Totally lost 'doing reseach'
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Totally lost 'doing reseach'

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Totally lost 'doing reseach'
Old 03-11-2012, 05:27 PM   #1
 
Totally lost 'doing reseach'

I bought a 2nd hand 4ft fish tank approx 200 Litre on EBAY come with a cabinet and hood, the glass panels did not appear to be fitting and the whole tank appeared out of whack, as per the glass lids, a slight crack in it, road tested the tank and found the crack was all the way through,as per the leak in the corner, so I patched it up, again doing research, and also advice from my LFS then tested again, within 12 hours the crack went from the bottom corner right up to the top... I threw it out and bought a whole new tank, but it appears the cabinet may be out of whack, does anyone know how to get this level?, also I have read that I should be getting a 55 G tank (us younger skips talk in metric not imperial) the 4' fish tank is all I could afford, have bought an UGF and set it up, but I have been told to get a CF, Im so confussed as to what to do I am at wits end almost, I wanna do this slowly but surely, the water is running its paces through the undergravel filter but there is nothing else in the tank, Im looking at a tropical aquarium, preferably planted.... any ideas?
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Old 03-11-2012, 09:05 PM   #2
 
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First off, welcome to Tropical Fish Keeping forum.

Second, I moved your post to start a new thread. It had been posted in an old thread where few would see it. Now it should get more "action."

Third, to your questions. On leveling the stand, can you describe just what is out? If it is wood and warped, or just uneven, or... ?? Some of our members are very clever with fixing this.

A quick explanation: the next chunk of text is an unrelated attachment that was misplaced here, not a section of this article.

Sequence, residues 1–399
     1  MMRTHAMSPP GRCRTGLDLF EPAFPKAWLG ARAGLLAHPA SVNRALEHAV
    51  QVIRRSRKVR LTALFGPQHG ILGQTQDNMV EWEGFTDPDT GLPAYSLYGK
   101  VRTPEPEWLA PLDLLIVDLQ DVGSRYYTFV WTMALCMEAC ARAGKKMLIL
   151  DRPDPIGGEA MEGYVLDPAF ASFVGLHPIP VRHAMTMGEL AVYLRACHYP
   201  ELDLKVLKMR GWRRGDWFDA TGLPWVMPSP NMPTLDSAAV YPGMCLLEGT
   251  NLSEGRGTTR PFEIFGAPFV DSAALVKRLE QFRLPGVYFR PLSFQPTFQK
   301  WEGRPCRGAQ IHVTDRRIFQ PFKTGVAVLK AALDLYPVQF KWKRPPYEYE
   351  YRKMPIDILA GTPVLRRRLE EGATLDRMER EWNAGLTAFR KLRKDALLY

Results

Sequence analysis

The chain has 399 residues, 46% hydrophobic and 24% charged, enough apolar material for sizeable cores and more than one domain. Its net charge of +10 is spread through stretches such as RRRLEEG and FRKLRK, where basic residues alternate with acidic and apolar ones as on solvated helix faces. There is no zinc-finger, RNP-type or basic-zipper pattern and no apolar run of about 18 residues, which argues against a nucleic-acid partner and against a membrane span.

To the tank. If you intend plants, I would not recommend an undergravel filter. In fact, I wouldn't recommend this in any case. There are better filters these days. A good canister rated to the tank size will do the job, especially with plants. There are many types and makes, most will "filter" OK, some do it superbly. Then there is the reliability and durability aspect. I'm sure many members will have comments here.

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Da11as (03-12-2012)
Old 03-12-2012, 04:25 PM   #3
 
Re: levellingh the stand

Thank you for the welcome, and also moving my post, Im the most computer illiterate bimbo there is in todays world... the tank appears to leaning to the front by about a good 5cm and it appears the cabinet is also, it made of wood and Im not sure wether it is warped or just out, or wether the floor is out, I was thinking of plants, and also a community tank with tetras in it, I were told to use an internal with an undergravel filter, thus I bought the undergravel filter, I was looking at the Eheim Pro 3 canister filter, but have read even though it is the best brand there are others out there almost just as good withoout the $$$ tag
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Old 03-12-2012, 05:13 PM   #4
 
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Originally Posted by Da11as View Post
Thank you for the welcome, and also moving my post, Im the most computer illiterate bimbo there is in todays world... the tank appears to leaning to the front by about a good 5cm and it appears the cabinet is also, it made of wood and Im not sure wether it is warped or just out, or wether the floor is out, I was thinking of plants, and also a community tank with tetras in it, I were told to use an internal with an undergravel filter, thus I bought the undergravel filter, I was looking at the Eheim Pro 3 canister filter, but have read even though it is the best brand there are others out there almost just as good withoout the $$$ tag
On the stand, it is very important to have it level. A tank that is tilted very little can, with all the weight of the water, substrate, etc on the frame, develop weak points and leak. And the glass may even crack from the stress. As long as the tank sits on a very even base (the top of the stand itself), the stand can be wedged up where it meets the floor provided this is not too great (so as to tip it if it is bumped or something). If the stand top is perhaps a bit uneven, the easy fix is a sheet of plywood or particle board, about half an inch thick, that is about 1/2 inch longer/wider than the tank frame. The tank will sit on the board and the weight will evenly distribute and the tank will be on a flat surface as the board will "give" sufficient to compensate.